How are the arts funded anyways?
Liverpool has a name for itself when it comes to creativity. Rising up out of the bad press, dereliction, and distress of the 80s, Liverpool worked with what it had to become a buzzing, creative, and artistic city, well known for its contribution to the UK's creative industries.
Liverpool's creativity is a vital part of its identity. But how do we fund something as intangible and as vague "the arts"? And how do artists make a living in a country where "artist" is not looked on as a profitable career?
Income from Sales
Many artists sell their products, including prints, artworks, bookmarks, books, cards, t-shirts and more online, or through vendors. Check if your local artist has an online shop, or if they are appearing at an arts market near you- these products are likely what they will be selling there. Buying their creations is a fantastic way for the public to support your local artists.
With CDs, tapes, Bandcamp and other selling platforms, you can support your favourite artists by buying their music.
Have a certain something in mind for your wall, or a logo for your start up business? Many artists accept commissions, where by you pay them to create something specific for you.
In recent years, more and more artists have turned to crowdfunding as a way to support their art. Generally, platforms like Patreon give artists the option of more freedom, as many people donate small amounts in general support of the work that they do, rather than depending on one large commission.
For project funding, artists and creators have used platforms such as Kickstarter or GoFundMe to raise the necessary funds for a specific project, sometimes with the option of a gift in return for your donation.
Art Collection Liverpool's community fund is similar to these crowdfunding model, although instead of supporting just one Liverpool artist weekly, we aim to spread our coin as far and as wide as possible. With 500 members, we will make funding for artists amounting to £26,000 a year, granting the fund out weekly in £500 instalments to individual artists.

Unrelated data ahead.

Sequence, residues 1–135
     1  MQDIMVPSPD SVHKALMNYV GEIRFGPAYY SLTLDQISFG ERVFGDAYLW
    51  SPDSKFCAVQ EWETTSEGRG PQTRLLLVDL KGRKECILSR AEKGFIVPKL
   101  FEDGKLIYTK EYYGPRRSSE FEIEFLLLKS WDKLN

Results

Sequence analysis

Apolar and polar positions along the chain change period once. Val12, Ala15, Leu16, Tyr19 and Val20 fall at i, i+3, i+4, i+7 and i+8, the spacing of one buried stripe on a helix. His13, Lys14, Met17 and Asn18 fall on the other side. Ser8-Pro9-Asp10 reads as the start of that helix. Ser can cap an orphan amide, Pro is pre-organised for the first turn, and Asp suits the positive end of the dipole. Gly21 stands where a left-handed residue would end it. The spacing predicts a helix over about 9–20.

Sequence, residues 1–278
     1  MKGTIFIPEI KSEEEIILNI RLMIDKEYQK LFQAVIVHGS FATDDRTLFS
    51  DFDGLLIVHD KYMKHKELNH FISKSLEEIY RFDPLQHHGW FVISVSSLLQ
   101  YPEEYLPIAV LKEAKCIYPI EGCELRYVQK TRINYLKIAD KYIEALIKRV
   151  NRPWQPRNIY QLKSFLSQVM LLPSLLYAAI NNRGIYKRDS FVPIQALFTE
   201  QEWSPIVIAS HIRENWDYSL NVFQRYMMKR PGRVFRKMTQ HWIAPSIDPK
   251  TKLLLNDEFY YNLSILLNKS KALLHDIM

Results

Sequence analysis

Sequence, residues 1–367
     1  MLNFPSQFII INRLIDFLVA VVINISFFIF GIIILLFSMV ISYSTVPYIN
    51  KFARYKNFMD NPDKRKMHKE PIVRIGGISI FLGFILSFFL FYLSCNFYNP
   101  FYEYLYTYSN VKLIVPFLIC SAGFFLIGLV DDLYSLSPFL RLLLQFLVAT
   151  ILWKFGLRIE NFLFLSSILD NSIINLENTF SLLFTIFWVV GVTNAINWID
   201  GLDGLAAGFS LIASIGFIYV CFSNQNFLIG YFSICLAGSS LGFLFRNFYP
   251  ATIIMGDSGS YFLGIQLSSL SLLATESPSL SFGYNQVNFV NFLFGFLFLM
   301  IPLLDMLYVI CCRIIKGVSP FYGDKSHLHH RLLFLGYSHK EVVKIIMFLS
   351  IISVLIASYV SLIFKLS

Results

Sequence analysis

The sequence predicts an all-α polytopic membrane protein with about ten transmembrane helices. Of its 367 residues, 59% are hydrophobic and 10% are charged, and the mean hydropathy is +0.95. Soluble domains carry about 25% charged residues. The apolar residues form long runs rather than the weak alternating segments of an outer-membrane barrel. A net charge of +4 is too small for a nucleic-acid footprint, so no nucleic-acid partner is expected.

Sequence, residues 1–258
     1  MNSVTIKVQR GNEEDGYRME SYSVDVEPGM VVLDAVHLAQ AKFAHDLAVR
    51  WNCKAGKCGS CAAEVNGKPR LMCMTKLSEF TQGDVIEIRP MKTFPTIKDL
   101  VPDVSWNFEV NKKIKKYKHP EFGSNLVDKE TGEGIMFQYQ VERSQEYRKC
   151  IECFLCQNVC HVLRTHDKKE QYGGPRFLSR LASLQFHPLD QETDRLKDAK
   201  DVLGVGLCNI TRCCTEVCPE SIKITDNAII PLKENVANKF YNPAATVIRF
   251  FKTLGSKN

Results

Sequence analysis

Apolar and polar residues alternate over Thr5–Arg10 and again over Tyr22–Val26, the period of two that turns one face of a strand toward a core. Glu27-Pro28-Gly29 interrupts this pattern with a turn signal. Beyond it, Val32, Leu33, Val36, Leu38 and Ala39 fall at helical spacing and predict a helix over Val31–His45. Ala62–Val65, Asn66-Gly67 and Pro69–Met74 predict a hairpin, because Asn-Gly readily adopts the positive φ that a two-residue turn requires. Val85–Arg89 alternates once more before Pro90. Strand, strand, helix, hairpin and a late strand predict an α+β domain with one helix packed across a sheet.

Many artists balance a number of different areas of work, both in and out of their creative practise, in order to fund their creative work. Artists may pick up shifts where they can, or may even work full time jobs in addition to their creative practise. Some give workshops and teach on the side too. This approach is incredibly common, but often means that artists are left without much time to devote to their art, never mind learning, development, and securing further funding.
National Funding and Local Funding
A small amount of money goes from our collective taxes to support the creative industries of the UK. Much of this money goes towards our much loved, and worthy venues, festivals and creative spaces. Some is released nationally, and some locally, through our Government and our local councils.
Through various national funding streams, artists can apply to be awarded money for different projects, development, or travel. But funding for artists can be hard to access.
These applications can be complicated, inaccessible, and time consuming. Applications may ask to see the work you have already done, and it can become harder for early career artists to get funded. Art Collection Liverpool hopes to mitigate some of these difficulties by asking our community of members to nominate the artists they love for funding.
Artist Residencies Artists residencies give artists the time and freedom to create work, often in a different setting. During the residency, the artist is paid to explore, research and create work, and they can often have an impact on the development of an artist's creative practise. Funding and length of time varies between residencies, and spaces are few and far between, but the benefits are enormous, as most residencies give artists the freedom to create during their residency and can offer a temporary break from the struggle to fund work and new ideas. Examples in Liverpool include FACT, Metal, and the Bluecoat.
Art Collection Liverpool is Liverpool's first community fund for local artists, built by the people who love their art. We each donate £1 a week, which equates to weekly grants for artists. We value the arts, and want our local artists to get funded. So we set out to do just that.